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Eero Saarinen

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The Finnish architect and designer Eero Saarinen, son of the famous architect Eliel Saarinen, was born in Kirkkonummi, in 1910. In 1923 the family Saarinen emigrated to the US.
In 1929/30 Eero Saarinen studied sculpture at the Académie de la Grande Chaumière in Paris before studying at Yale School of Art and Architecture, where he received his degree in 1934. A Yale scholarship enabled Eero Saarinen to travel to Europe again but he returned to the US in 1936 to work in his father's architectural office. Eero Saarinen also taught at the Cranbrook Academy in Bloomfield Hills, Michigan, of which Eliel Saarinen had been head since the Academy was founded in 1932. When his father died in 1950, Eero Saarinen took over his firm, named "Saarinen & Associates" in Birmingham, Michigan, until 1961.
Since the late 1930s Eero Saarinen collaborated with Charles Eames on a revolutionary body-molded plywood-shell chair. In 1940 Saarinen and Eames took part in the "Organic design in Home Furnishings" competition mounted by the Museum of Modern Art (MoMA)in New York. While Charles Eames continued to work on molded furniture in plywood, Eero Saarinen later chose other materials.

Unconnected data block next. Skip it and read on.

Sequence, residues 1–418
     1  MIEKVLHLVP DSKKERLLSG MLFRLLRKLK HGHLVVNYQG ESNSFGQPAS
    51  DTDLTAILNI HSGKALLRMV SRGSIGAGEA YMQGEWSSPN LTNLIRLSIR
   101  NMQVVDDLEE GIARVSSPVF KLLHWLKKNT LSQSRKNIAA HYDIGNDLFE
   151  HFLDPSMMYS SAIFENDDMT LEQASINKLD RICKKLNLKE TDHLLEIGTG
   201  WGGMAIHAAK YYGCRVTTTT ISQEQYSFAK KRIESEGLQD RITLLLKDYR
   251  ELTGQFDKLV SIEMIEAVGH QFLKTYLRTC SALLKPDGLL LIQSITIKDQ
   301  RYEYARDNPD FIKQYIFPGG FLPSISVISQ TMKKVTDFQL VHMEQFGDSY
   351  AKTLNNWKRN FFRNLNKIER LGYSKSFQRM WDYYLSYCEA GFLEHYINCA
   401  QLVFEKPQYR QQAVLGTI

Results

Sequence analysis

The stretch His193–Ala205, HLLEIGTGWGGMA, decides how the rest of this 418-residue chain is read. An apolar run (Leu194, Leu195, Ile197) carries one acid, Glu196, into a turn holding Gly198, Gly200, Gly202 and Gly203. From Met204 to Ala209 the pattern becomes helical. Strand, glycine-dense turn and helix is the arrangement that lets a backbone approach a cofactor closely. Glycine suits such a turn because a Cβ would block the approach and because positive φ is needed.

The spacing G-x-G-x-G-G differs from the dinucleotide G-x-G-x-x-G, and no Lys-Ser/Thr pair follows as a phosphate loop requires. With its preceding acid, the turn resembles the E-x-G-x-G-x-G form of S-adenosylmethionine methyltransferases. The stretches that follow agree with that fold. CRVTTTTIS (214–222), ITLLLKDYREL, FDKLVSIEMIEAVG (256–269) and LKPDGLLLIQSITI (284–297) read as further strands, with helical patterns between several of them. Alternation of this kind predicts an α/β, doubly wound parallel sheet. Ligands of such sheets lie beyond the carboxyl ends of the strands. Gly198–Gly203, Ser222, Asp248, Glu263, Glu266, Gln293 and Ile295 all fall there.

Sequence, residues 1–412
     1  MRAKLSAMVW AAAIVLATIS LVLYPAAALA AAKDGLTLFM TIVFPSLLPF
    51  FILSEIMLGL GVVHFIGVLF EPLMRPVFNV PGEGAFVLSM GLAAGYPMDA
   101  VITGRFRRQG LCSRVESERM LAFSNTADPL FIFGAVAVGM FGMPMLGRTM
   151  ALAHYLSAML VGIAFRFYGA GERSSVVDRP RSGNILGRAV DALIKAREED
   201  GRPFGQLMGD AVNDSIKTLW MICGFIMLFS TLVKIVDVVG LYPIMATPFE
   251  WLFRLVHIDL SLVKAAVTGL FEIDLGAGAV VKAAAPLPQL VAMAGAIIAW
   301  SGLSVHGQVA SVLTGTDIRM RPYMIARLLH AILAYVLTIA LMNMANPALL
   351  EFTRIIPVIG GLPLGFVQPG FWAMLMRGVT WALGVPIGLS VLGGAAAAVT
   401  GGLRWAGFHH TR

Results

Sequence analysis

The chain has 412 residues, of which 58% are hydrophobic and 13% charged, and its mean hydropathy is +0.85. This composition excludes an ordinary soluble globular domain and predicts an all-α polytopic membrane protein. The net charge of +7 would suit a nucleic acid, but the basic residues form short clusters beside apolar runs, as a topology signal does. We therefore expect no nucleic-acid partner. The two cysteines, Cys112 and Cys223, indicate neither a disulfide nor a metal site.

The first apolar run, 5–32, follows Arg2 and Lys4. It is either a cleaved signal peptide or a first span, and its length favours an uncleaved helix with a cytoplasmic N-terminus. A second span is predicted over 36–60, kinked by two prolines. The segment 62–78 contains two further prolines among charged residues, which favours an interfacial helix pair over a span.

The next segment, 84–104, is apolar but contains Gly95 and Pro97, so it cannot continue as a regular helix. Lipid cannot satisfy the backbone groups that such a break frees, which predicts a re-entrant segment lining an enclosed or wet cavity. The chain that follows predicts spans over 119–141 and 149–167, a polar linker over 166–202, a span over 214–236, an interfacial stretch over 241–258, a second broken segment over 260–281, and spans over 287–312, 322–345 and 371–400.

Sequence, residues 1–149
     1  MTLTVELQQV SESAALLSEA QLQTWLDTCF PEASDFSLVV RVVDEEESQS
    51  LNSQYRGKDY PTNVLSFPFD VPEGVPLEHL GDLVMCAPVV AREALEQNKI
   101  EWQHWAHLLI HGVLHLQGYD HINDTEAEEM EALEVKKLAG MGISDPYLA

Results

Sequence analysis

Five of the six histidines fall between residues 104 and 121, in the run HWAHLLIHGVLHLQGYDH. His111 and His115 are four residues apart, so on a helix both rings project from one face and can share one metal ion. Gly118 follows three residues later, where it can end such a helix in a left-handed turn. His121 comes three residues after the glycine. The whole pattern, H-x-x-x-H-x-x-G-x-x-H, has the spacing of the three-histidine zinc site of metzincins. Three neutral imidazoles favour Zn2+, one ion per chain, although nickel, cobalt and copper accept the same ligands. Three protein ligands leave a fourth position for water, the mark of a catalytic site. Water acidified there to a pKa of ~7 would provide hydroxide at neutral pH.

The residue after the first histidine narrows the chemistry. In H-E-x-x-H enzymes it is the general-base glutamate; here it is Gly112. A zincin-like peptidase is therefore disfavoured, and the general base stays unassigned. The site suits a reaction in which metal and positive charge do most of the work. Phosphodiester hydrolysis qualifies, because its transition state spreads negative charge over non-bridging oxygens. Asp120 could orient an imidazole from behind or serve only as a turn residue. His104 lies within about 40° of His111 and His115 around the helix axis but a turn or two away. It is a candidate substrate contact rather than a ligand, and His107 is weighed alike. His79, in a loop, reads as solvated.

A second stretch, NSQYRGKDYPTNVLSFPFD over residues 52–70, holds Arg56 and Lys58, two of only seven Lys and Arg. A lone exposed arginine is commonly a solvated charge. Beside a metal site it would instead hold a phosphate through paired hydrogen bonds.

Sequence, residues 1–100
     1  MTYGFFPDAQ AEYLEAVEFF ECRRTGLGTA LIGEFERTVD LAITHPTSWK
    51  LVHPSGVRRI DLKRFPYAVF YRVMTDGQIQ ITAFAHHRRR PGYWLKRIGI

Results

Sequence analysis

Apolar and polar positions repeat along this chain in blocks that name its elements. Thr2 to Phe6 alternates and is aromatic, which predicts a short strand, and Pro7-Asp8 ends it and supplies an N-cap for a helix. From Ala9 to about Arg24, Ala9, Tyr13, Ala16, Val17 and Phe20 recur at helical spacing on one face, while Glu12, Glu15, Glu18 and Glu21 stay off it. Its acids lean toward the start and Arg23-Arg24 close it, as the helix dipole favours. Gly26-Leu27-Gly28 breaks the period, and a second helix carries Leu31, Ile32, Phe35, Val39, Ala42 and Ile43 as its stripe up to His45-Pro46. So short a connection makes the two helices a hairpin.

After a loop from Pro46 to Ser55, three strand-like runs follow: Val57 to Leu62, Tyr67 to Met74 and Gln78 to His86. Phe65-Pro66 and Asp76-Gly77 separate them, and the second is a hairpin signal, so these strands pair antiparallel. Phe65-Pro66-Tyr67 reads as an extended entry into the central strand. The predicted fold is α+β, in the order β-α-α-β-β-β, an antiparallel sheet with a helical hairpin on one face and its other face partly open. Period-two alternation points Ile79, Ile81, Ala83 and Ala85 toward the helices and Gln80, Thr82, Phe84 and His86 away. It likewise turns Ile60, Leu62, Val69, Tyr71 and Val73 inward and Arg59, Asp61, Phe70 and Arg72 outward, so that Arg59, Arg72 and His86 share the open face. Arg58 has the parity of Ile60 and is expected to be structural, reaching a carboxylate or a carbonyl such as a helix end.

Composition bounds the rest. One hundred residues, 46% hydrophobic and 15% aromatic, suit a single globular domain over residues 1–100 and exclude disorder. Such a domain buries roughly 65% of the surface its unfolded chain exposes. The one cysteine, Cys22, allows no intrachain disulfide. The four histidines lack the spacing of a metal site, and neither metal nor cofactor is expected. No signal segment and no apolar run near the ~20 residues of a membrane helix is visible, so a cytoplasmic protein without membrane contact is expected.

For Knoll International, Eero Saarinen designed many pieces of furniture, including the 1946/47 "Grasshopper" armchair with bent armrests of laminated wood. In 1947/48 he designed the "Womb" collection, which was supposed to make those seated on it feel as secure and cosy as a fetus in the womb.
In 1951 he designed the "Saarinen Collection" for Knoll, consisting of several office chairs, one of the first lines in designer office furniture.
The "Tulip chair" (1956) was also produced by Knoll and belonged to the group, with which Eero Saarinen wanted to abolish the "miserable maze of legs".
Eero Saarinen's architectural masterpiece is the signature TWA-Terminal at J.F. Kennedy Airport in New York (1956-1962). Dulles International Airport in Washington, DC, designed by Eero Saarinen has been built between 1958 and 1962.